Hearing Sabbath’s ‘War Pigs’ for the very first time is an experience that very few forget. Alongside Osbourne’s delivery, the song is punctuated by some of the hardest riffs and rhythms the music world has ever seen. It makes the perfect backdrop for the story of 300: Rise of an Empire.
‘End of the Beginning’ in This is the End
This is the End is the kind of film you’d expect to be wholly awful. Written by Seth Rogen and aimed directly at the stoner market, the film centres on a group of comedic stars, all playing themselves, who are trying to survive the apocalypse. However, despite this, the movie is certainly worth a watch, if for nothing else than the few moments Sabbath makes an appearance.
The most famous of which is certainly ‘War Pigs’, which plays out as the group try to board up James Franco’s house. But there’s another moment that feels particularly well placed when ‘End of the Beginning’ plays over the end credits.
‘N.I.B’ in The Hangover Part III
The fact that Black Sabbath have managed to make The Hangover Part III even a little bit more watchable is a testament to the band’s power. The film is a disaster and far off the pleasant experience of the first movie, but it doesn’t have a deeper cut from Sabbath for a pivotal scene.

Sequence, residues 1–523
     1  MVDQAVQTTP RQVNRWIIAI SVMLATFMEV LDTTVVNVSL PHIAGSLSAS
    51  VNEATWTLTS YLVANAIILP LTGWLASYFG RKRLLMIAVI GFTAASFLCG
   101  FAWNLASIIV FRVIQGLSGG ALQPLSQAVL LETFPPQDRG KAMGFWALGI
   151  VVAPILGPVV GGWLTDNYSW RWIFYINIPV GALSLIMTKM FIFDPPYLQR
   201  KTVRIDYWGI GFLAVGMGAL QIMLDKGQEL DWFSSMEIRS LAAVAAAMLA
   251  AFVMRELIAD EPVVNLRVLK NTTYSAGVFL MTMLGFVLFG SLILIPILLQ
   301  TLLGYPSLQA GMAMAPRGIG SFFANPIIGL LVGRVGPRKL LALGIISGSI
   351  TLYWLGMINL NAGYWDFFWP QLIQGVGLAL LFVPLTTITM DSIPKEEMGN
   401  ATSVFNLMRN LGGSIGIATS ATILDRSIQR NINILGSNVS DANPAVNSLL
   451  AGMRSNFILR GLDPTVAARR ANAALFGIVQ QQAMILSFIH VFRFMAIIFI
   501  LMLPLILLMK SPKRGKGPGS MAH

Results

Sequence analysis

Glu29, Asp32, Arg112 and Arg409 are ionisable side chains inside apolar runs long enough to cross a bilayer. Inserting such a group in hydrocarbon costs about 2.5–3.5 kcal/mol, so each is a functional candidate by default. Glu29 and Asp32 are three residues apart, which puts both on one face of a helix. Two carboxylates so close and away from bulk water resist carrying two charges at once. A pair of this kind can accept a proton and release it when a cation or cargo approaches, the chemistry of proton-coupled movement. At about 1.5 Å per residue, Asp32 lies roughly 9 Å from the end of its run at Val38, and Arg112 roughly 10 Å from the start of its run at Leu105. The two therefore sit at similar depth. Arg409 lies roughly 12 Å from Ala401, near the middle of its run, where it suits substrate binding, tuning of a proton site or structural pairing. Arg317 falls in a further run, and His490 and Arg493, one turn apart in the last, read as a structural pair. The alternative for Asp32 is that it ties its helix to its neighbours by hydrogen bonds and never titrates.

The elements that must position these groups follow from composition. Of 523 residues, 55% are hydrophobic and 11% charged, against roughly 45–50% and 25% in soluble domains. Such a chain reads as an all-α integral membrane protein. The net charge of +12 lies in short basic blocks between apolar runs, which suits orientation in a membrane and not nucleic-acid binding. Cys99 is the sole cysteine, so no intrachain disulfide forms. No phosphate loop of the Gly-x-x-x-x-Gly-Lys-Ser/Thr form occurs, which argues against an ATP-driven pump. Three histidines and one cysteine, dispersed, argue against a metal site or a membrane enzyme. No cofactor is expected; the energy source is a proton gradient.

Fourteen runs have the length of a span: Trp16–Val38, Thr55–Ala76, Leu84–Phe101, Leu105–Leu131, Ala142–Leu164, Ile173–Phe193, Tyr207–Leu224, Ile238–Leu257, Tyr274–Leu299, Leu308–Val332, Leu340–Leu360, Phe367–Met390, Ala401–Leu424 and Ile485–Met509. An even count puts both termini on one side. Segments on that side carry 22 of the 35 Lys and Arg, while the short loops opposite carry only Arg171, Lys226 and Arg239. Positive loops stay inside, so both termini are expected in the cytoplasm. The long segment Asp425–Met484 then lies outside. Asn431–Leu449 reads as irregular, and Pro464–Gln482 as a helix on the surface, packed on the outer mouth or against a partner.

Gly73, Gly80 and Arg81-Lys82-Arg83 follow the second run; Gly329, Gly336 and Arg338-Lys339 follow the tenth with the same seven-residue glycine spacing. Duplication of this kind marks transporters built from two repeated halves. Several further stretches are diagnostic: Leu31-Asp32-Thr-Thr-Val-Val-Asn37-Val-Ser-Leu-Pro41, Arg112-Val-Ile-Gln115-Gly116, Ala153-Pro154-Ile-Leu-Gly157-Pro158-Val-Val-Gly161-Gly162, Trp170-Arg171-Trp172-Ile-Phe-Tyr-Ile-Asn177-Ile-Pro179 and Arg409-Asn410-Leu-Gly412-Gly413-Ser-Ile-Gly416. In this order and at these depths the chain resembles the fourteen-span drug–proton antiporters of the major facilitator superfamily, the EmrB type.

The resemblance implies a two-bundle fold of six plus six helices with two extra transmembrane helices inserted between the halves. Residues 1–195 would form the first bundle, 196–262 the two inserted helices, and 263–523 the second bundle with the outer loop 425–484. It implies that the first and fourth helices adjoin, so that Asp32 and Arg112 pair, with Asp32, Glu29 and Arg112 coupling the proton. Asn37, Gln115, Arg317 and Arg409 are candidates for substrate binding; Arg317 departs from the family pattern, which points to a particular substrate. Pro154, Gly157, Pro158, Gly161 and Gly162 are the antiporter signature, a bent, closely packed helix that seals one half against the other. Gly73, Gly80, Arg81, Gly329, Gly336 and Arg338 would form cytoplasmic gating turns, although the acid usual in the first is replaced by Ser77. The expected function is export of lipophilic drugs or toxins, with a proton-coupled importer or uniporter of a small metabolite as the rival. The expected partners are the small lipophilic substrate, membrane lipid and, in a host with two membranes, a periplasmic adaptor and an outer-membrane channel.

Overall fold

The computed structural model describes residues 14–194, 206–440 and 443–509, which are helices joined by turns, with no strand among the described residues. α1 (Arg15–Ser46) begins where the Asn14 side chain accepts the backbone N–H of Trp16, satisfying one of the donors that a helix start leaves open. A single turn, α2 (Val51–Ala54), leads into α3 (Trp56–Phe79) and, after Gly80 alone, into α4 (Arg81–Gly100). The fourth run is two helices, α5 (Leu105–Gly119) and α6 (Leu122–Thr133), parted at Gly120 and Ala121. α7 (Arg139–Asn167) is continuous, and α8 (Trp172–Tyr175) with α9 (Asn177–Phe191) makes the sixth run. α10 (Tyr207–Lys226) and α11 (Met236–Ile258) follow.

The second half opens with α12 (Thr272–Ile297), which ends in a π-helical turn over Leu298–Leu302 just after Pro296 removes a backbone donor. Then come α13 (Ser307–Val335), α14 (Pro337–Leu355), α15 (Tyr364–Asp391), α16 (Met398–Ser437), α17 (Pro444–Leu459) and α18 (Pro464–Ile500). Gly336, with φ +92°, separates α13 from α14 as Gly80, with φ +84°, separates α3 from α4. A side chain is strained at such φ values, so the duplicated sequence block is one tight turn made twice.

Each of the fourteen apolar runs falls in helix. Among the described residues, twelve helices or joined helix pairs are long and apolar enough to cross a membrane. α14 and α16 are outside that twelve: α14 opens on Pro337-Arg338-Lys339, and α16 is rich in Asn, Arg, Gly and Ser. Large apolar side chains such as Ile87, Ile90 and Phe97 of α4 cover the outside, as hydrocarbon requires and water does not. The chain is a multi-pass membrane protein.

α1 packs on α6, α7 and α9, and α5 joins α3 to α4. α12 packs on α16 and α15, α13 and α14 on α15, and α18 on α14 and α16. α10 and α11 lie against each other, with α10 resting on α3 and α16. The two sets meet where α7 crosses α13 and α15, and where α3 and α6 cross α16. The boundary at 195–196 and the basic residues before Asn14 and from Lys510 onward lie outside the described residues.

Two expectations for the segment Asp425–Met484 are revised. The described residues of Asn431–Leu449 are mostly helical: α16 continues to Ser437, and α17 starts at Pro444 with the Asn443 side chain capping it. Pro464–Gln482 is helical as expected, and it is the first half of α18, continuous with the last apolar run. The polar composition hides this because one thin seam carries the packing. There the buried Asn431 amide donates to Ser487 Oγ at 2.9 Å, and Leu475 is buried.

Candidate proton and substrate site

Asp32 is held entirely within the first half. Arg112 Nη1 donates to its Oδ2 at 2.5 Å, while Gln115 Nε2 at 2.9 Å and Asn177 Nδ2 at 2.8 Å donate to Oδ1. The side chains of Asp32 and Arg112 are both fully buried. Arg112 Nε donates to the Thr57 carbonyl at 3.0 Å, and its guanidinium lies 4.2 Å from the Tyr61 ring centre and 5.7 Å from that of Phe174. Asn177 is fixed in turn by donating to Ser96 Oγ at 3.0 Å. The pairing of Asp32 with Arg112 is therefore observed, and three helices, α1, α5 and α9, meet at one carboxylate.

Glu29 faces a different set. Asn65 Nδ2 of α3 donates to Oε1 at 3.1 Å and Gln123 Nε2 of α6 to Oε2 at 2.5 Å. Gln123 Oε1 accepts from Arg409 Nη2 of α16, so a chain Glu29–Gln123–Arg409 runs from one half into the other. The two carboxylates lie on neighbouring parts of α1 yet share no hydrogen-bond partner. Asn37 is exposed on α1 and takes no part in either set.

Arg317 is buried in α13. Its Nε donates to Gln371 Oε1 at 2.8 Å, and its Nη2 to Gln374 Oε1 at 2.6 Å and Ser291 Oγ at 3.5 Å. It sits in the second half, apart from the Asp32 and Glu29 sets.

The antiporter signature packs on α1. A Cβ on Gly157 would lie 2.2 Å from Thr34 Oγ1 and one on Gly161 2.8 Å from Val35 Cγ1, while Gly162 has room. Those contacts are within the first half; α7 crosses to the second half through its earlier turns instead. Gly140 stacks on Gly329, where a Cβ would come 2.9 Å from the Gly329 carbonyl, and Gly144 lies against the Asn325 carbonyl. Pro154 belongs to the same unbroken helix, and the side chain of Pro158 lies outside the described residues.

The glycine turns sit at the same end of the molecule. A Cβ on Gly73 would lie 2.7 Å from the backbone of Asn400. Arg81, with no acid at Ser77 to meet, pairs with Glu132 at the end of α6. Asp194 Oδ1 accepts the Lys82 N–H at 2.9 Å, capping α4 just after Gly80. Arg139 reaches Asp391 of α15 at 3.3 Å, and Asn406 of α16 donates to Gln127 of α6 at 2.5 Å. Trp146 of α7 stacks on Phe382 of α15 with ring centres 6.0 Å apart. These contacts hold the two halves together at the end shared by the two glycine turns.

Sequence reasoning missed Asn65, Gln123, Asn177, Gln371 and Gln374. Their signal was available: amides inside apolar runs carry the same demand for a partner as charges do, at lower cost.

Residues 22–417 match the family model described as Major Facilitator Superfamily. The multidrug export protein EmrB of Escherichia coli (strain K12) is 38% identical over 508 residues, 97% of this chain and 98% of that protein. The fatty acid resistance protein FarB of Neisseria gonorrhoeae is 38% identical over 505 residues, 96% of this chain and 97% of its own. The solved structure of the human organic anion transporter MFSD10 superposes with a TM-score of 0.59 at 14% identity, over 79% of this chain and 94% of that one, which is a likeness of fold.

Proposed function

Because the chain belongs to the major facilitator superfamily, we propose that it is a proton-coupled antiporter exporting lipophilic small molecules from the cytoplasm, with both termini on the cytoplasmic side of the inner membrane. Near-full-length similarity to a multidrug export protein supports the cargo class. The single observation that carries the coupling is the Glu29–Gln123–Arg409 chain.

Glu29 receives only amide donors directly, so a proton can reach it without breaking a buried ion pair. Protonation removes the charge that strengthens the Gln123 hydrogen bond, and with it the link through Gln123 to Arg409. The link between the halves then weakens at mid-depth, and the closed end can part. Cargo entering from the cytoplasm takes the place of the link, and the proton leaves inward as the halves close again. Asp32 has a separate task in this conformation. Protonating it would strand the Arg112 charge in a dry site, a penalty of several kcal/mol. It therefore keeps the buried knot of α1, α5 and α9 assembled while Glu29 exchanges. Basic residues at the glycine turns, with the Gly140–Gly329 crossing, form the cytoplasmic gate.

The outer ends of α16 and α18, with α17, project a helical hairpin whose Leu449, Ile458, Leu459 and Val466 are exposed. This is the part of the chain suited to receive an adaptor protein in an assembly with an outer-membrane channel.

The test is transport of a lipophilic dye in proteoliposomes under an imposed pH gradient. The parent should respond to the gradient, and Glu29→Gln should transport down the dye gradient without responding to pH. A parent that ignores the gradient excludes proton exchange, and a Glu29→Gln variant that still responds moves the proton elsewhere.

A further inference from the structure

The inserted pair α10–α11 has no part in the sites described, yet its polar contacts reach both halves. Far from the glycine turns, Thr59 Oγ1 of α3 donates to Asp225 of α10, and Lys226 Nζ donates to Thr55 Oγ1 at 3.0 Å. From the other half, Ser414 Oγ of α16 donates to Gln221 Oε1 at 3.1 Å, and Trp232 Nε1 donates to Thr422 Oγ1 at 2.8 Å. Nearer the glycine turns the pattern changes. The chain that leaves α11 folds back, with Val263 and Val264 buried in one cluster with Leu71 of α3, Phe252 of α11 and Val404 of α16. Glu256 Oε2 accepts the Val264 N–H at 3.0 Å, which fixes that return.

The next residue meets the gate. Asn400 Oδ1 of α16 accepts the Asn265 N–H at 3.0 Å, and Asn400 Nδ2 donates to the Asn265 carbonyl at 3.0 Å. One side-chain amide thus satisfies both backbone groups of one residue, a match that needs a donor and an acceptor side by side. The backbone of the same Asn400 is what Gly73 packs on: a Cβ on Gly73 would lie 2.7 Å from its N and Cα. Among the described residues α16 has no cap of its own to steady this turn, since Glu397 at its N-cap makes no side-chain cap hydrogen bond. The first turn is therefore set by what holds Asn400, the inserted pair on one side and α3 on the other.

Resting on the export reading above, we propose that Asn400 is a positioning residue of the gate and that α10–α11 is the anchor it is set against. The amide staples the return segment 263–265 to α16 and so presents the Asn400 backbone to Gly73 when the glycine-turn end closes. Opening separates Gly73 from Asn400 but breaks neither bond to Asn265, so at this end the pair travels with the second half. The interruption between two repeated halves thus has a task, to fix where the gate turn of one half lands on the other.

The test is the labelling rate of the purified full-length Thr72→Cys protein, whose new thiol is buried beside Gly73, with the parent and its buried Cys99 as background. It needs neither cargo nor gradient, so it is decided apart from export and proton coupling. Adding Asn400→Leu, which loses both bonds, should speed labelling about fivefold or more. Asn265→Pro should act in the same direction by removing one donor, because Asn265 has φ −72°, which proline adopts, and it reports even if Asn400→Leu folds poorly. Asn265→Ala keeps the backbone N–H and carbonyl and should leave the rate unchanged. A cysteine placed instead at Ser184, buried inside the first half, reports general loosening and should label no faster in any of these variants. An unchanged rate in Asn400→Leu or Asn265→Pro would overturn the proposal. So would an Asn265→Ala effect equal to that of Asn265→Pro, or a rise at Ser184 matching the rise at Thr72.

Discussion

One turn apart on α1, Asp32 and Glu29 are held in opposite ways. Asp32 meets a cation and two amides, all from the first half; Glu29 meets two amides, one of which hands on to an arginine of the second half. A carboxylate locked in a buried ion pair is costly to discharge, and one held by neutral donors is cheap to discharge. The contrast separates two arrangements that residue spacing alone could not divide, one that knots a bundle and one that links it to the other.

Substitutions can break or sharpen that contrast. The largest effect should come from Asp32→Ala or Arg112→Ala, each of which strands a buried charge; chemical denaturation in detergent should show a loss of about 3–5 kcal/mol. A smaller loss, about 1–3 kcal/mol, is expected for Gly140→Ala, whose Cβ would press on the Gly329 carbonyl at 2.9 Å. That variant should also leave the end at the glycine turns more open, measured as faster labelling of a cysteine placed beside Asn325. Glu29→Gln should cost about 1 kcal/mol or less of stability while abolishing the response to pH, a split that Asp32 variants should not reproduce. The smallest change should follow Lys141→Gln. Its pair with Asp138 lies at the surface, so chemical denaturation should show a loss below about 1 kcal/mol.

As Phil and Alan try to find Mr Chow within the strobe-lit penthouse, Sabbath’s song ‘N.I.B’ plays out, and the movie gets a lot better. The culmination of this scene arrives as Mr Chow jumps off the balcony with a parachute.
‘Paranoid’ in Dazed and Confused
Richard Linklater’s masterpiece Dazed and Confused has more than a few rocking moments captured within it. Despite being named after a classic Led Zeppelin song, it doesn’t actually feature any songs from the band.
That’s to be expected, given the somewhat chaotic nature of the film itself. The stoner cult classic is a series of different stories loosely connected by the last day of high school. It’s a film that relies heavily on nostalgia and the desperate attempts to recapture a feeling of youthful exuberance we all lose someday. One of the best ways to achieve that is by using notorious rock anthems like Sabbath’s ‘Paranoid’, which arrives as Fred O’Bannion and Benny O’Donnell chase Hirschfelder to paddle him.